So despite my antipathy towards Verizon for a.) instituting an utterly made-up, just another reason to extract money from your pocket “activation” fee and b.) not turning on the FM chip in virtually any of its Android phones and c.) not letting you just buy a pre-paid phone and add it to your regular post-paid account (what you have when you get a bill each month), despite all that, I got another Moto E.
It is a shockingly good phone for a low end device. No, scratch that; for an ordinary person – and when it comes to cell phone use, I am one – it’s a good phone, period.
The thing was on sale through walmart.com for $27, tax included. Not as good as the $9.99 deals Best Buy has offered in the past, but given that the phone has a fictitious full price of $199 and Verizon sells it every day for $79, not bad.
However, in order to use it on your regular account, you have to buy a month of pre-paid service. I bought the absolute lowest end plan for $30, activated the phone, waited a few hours and swapped the SIM card from my hand-me-down Galaxy Note II. Worked like a charm.
So what does $57 get you? In my case, it got a phone running Android 5.x, which is mildly useful for my work, since I need to look at my company’s app and mobile web site, and this gives me a proper, modern verson of Android for the job. Motorola puts no junk on the phone, though I’m not using its Moto Assist functions – which are said to be genuinely useful. For that matter, I’m also not using Google’s “Ok Google” spoken word interface. Tried it this afternoon and even on this modest phone, it runs well. But I’m old and stubborn so I disabled it and then waded into the thicket of Google permissions to shut down whatever Google does to make voice recognition work. I have no idea if I got it all.
The interface is almost stock Android, but I can’t stand having the search bar at the top of the page, so I installed Nova Launcher, got rid of the bar, got rid of animations, tried to make the phone as plain as possible. I also downloaded some solid color backgrounds and went from a colorful picture of a bright yellow record on a turntable with a black tone arm to…gray.
(Aside: whether it’s Apple or Google or Amazon, why don’t companies ever include simple, solid color backgrounds? Zebras, butterflies in extreme close-up and piano keys in late afternoon sun I can live without; a nice deep blue or gray, I can’t.)
The phone itself is a little small. I would be happier if the display was maybe three-tenths of an inch or so bigger; mind you, I’m not a fan of the phablet-sized displays that dominate the market now. Even though I have bigger hands than 99 percent of the human race, I don’t want to haul around what amounts to a small tablet. A lot of people are now skipping tablets entirely and relying solely on their phones. I get it, but I’m not interested, at least not so far. But the E is small like iPhones (before the 6) were small, minus the resolution.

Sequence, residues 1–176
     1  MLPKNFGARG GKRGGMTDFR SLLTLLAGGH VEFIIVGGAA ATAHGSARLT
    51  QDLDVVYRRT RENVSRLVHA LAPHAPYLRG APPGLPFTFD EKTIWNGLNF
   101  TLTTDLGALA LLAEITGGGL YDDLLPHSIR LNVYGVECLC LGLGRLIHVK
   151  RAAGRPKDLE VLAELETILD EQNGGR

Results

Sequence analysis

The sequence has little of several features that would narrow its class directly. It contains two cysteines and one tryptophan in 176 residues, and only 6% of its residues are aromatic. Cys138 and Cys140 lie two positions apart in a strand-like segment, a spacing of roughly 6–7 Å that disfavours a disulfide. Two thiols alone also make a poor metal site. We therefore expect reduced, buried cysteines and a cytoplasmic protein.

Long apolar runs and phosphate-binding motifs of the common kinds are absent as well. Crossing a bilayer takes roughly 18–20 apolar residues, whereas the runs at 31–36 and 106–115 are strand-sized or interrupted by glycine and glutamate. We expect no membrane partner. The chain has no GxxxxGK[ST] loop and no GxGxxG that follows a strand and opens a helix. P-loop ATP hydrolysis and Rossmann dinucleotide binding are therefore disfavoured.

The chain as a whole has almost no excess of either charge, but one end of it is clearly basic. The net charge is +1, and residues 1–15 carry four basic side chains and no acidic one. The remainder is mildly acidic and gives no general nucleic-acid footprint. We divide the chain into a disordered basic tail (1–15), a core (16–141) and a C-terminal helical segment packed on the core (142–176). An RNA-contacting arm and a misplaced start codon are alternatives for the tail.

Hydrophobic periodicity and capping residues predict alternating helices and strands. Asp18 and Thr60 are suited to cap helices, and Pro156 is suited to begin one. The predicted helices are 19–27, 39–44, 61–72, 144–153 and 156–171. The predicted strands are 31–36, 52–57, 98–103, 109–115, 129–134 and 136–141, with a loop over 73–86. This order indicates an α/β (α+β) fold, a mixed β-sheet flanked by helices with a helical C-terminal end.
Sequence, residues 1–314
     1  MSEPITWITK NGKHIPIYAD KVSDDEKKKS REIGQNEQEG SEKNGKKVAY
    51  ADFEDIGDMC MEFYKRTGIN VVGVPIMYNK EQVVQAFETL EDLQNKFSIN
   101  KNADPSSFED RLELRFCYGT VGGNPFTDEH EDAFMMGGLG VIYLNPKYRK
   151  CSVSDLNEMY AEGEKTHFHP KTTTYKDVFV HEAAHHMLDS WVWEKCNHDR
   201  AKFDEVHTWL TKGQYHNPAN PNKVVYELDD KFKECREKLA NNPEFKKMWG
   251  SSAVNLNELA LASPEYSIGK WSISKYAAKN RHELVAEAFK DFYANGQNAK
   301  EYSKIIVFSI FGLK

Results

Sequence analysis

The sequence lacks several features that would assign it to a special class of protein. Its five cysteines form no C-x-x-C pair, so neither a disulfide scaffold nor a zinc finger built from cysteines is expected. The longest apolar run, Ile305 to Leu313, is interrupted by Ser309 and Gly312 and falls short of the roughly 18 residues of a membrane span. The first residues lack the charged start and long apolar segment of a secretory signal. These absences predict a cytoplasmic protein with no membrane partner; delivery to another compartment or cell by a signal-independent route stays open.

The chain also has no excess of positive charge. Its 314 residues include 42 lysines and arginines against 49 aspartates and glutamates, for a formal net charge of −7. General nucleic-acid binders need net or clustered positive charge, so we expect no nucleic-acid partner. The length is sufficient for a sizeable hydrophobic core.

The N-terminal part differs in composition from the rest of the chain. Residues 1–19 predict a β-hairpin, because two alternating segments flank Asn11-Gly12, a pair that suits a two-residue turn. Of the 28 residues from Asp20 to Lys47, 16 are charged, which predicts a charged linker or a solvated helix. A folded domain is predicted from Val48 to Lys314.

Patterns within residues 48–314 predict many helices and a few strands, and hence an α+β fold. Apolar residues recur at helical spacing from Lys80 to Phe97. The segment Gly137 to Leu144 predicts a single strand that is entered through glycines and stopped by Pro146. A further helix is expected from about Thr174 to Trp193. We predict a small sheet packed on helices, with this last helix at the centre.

In fairness, when I put it up next to an iPhone 5s, I can see the Moto E is bigger, but…it still feels small. Not crowded, not cramped – which is how iPhones make me feel, pre-6 – but small. I feel it most reading a book; my Note II is a pleasure to read on. This feels like I’m reading each page a few paragraphs at a time. But I’m getting used to it, as I do, and my guess is in another week or so, I won’t notice.
I do notice other things, all good: call quality is loud and clear, something you can’t say about many cell phones. The Moto is as responsive, in most ways, as the Note II. Doing a virus scan is slower, but that may be because I switched my scanner of choice to Malware Bytes. Android 5.x, in the context of a phone (I’ve only ever used it on tablets) is really good. I think material design – or whatever it’s called – is a huge improvement over everything that came before it on Android, looks-wise. And even though it’s smaller, using the keyboard is as easy as it was on the Note II. The battery isn’t removable – which I hate – but the one in the phone gives somewhere between 14 and 20 hours of up time, it appears. I haven’t stressed it yet, but I wouldn’t expect battery life to get much worse in normal use.
And of course, it has FM. Far as I can tell, it’s the one and only Verizon Android phone that does, and I have no idea how it slipped past Verizon’s net. I can compare it to four Windows phones I’ve owned that had FM, and early on this is significantly better. NCPR comes through stronger, with less background noise, than any of my Winphones. I haven’t checked WRVO or WCNY, my other two regular haunts, but I suspect I’ll get the same result with them. And it is such a pleasure to have FM; the weather has finally turned in my little town and I started walking this week. I had The World and Snap Judgment for company on two of my evening walks, Morning Edition early in the day. Yes, I could use TuneIn or NPR One or something, but FM is free – which is weirdly valuable this month since we accidentally went over our data cap. Anyway, it’s silly – this is the cheapest phone I’ve ever owned, but for my purposes, it may also be the best.